Healthy Living as You Age
Minnesota’s Area Agencies on Aging (AAAs) are leading a transformative effort to improve community health. The Healthy Living as You Age initiative builds a statewide network of evidence-based programs to help people manage chronic conditions, prevent falls and more. The initiative leverages the AAAs’ strong foundation of knowledge and experience with evidence-based health promotion programs. New partnerships with health care and community-based organizations will broaden the statewide reach and impact. Learn more about the innovative initiative.
About Evidence-Based Programs
An evidence-based program is a program that has been proven to produce positive outcomes through rigorous research and extensive real-world testing. These programs bridge the gap between theory and practice, translating research into programs that make positive change in people’s lives.
To be called an evidence-based program the following must be true (Cornell University):
- The program is evaluated using a treatment group and a control group of randomly assigned people and can demonstrate positive outcomes that can be attributed to the program. Study results are replicated in more than one study.
- Study results are peer reviewed by other scientists and, often, are published in peer-reviewed journals.
- A detailed manual guides program replication so that local implementation matches program design as closely as possible to achieve demonstrated results.
Sampling of Evidence-Based Programs Supported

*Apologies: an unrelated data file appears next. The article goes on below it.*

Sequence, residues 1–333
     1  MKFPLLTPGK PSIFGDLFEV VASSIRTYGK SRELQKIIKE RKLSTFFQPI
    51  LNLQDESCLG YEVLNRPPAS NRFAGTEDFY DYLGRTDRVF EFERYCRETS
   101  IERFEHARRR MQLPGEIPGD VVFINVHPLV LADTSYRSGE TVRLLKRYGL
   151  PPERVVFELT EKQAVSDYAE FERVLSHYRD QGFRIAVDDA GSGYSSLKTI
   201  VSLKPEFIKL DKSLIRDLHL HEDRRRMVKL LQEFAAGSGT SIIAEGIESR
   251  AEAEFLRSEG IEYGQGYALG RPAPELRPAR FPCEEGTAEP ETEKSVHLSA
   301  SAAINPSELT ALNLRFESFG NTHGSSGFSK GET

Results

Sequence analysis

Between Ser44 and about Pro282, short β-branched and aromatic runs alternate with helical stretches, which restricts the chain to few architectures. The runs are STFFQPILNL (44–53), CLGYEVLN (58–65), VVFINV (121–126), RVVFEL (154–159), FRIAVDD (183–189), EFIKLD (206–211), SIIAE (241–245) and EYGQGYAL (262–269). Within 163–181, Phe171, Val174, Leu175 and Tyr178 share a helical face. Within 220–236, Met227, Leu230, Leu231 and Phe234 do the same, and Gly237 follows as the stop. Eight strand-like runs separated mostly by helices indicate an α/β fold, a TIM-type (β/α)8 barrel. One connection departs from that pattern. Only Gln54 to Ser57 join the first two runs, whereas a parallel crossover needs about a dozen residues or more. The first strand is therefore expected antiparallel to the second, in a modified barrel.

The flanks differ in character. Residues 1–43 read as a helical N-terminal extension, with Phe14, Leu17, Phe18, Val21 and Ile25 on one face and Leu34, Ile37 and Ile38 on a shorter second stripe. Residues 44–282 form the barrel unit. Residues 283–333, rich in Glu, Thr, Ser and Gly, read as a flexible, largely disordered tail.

A Matter of Balance (MOB) helps older adults address the fear of falling and increase their level of activity. Participants take part in eight two-hour sessions led by a trained facilitator. This nationally recognized program was developed at the Roybal Center at Boston University.
The Chronic Disease Self-Management Program (CDSMP) is designed to help people gain self-confidence in their ability to control their symptoms and how their health problems affect their lives. Small-group, highly interactive workshops meet once a week for six weeks for 2 ½ hours. They are facilitated by a pair of leaders one or both of whom are non-health professionals with a chronic diseases themselves.
This Tai Ji program reduces the risk of falls by improving balance, muscle strength, flexibility and mobility. The program includes eight Tai Ji forms that emphasize weight shifting, postural alignment, and coordinated movements. Each session includes instructions in new movements as well as review of movements from previous sessions.
Healthy Aging Minnesota
The mnhealthyaging.org website is an excellent resource about healthy living for people in mid-life and older. The site offers information about physical activity, healthy eating, managing chronic conditions, preventing falls, and more.
Looking for a class on healthy living near you? The website’s “Find a Class” event calendar can help you make a connection no matter where you are in the state.